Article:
Is Anxiety Ever Positive?
Rabbi Maury Grebenau
There always seems to be something to be nervous about. Anxiety over theunknown future seems to be part of the human condition. Is there any value in concern orshould we strive to be completely care free? Is there truly nothing to fear but fear itself orare there areas of life which are worthy of our concern?Rabbeinu Bachyah ibn Pekudah (Chovos HaLevavos
) gives usalist of reasons why it is logical to trust in Hashem. Since Hashem knows what is best forus and is able to accomplish anything it seems that we should be care free at all times. Afamous story is told of the Cahzon Ish who was almost knocked over by a young manwho jumped out of the street to avoid being hit by a car. The Chazon Ish did not eventurn around to see who or what had collided with him. His tremendous calm allowed himto just continue on. This type of serenity seems ideal and characteristic of our great Torahleaders, so why does Yaakov seem to get so nervous?As our parsha opens, Yaakov is preparing for a reunion with Eisav and he fears
the worst. The pasuk tell us that “
”, Yaakov is very concerned andupset, as he prepares to meet Eisav (Bereishis 32:8). Yaakov‟s fear is particu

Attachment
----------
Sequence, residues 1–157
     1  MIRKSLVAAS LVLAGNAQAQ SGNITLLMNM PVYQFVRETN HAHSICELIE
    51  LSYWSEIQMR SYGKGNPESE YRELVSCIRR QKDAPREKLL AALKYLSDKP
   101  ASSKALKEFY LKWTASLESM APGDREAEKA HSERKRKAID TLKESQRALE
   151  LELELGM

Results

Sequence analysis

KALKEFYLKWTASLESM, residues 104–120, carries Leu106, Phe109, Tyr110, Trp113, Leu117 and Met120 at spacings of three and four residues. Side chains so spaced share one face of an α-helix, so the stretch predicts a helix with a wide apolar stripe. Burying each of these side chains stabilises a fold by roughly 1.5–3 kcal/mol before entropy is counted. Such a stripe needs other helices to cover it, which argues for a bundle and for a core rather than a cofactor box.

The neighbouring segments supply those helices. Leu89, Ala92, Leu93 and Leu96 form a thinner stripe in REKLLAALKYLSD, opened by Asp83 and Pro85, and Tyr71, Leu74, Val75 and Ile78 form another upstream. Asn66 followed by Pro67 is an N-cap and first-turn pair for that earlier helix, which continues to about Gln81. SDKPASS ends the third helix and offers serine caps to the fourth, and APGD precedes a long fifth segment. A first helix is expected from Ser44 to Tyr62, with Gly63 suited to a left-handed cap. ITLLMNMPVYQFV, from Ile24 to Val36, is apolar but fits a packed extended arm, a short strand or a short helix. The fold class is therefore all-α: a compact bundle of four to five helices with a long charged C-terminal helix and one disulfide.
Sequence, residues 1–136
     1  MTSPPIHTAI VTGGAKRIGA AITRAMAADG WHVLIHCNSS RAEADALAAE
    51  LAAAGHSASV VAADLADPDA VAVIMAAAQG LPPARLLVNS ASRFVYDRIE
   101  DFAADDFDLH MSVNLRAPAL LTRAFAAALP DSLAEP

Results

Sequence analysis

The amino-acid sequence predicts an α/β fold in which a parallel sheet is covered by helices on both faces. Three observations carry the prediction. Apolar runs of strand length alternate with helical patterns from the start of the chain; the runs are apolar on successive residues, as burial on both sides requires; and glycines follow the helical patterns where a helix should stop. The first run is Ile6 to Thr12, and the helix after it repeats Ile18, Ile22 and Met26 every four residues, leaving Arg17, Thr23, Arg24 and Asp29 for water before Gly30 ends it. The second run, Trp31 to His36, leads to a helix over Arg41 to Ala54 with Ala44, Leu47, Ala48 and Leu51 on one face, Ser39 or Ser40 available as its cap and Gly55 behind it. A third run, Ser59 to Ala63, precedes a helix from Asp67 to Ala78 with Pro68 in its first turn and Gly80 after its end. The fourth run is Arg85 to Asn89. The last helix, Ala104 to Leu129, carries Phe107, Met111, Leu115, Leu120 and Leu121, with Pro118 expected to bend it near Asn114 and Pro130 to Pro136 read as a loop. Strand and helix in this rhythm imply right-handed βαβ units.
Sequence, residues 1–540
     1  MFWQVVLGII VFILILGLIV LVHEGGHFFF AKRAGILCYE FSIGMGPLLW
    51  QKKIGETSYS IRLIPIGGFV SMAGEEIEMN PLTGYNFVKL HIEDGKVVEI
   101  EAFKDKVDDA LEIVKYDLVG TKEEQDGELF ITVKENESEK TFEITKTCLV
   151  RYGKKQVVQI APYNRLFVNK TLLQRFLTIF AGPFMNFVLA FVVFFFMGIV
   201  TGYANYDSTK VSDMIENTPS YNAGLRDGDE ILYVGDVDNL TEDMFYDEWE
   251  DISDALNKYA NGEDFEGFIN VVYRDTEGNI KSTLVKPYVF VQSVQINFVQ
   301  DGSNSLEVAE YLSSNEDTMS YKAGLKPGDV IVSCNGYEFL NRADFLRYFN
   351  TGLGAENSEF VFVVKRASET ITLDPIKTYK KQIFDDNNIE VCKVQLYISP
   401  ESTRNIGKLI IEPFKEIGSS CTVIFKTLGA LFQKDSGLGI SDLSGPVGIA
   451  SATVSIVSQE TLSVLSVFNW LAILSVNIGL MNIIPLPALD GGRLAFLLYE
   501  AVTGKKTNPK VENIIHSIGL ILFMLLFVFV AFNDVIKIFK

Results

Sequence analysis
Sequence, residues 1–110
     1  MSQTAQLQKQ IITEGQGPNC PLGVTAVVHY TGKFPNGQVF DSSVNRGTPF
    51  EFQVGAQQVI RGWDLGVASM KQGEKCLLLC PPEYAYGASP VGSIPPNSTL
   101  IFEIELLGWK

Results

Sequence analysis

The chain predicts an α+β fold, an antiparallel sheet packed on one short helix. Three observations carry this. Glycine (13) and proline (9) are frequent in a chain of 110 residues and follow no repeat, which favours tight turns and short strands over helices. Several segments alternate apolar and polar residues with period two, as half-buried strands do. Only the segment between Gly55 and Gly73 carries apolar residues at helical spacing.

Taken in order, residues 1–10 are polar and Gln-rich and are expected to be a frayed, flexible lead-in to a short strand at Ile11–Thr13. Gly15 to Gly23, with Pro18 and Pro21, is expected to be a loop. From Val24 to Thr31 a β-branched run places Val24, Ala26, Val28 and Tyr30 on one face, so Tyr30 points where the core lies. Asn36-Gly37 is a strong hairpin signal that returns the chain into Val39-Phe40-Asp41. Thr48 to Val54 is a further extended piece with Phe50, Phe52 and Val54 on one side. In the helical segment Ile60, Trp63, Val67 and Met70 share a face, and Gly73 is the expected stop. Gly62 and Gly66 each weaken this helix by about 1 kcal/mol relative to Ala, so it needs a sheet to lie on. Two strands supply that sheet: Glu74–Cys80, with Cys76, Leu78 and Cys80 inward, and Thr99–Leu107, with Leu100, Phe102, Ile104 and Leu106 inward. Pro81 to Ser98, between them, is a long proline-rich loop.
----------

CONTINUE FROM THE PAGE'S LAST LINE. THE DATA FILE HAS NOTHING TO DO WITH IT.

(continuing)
larlysurprising when we recall that Hashem has in fact promised him that he will be protectedfrom Eisav. A few pesukim later Yaakov explains that he is afraid that he lacks the meritnecessary to deserve being rescued. Rashi (32:11) quotes the Gemara (Brachos 4a) whichtells us that both Dovid and Yaakov were concerned that their sins may have caused themto fall out of favor with Hashem; they expected serious consequences. The Gemara seemsto accept this as an explanation for the fact that Yaakov was frightened despite the factthat Hashem assured him all would be well. Yaakov was afraid that he has sinned andthus the promise of protection was no longer in effect.The Rambam, in the seventh chapter of Shemoneh Prakim (his introduction toPirkei Avos), uses
in our parsha as an example of insufficient faith inHashem. The Rambam says that this type of anxiety acts as a barrier between the personwho is afraid and Hashem. He seems to condemn Yaakov despite what the Gemara hassaid in
defense. Why is Yaakov‟s fear unwarranted
R‟ Elchanan Wasserman
(Koveitz Hearos #5) gives a beautiful answer to this problem. He explains that althoughYaakov was correct to b concerned that he had lost the promise Hashem had given himhe still should have trusted in Hashem without any specific promise of protection. This iswhat King Dovid expresses so beautifully in Halle (Tehillim 118) when he refers to
as well as „
explains that „
‟ is trust that a promise will
illed but „
is trust in a perwson even when no formal offer is given.Dovid tells us that it is good to trust in Hashem, rather than to trust in man. Even if Hashem has given no promise of protection, or the promise of protection had lasped dueto sin we still must have faith that Hashem will take care of us.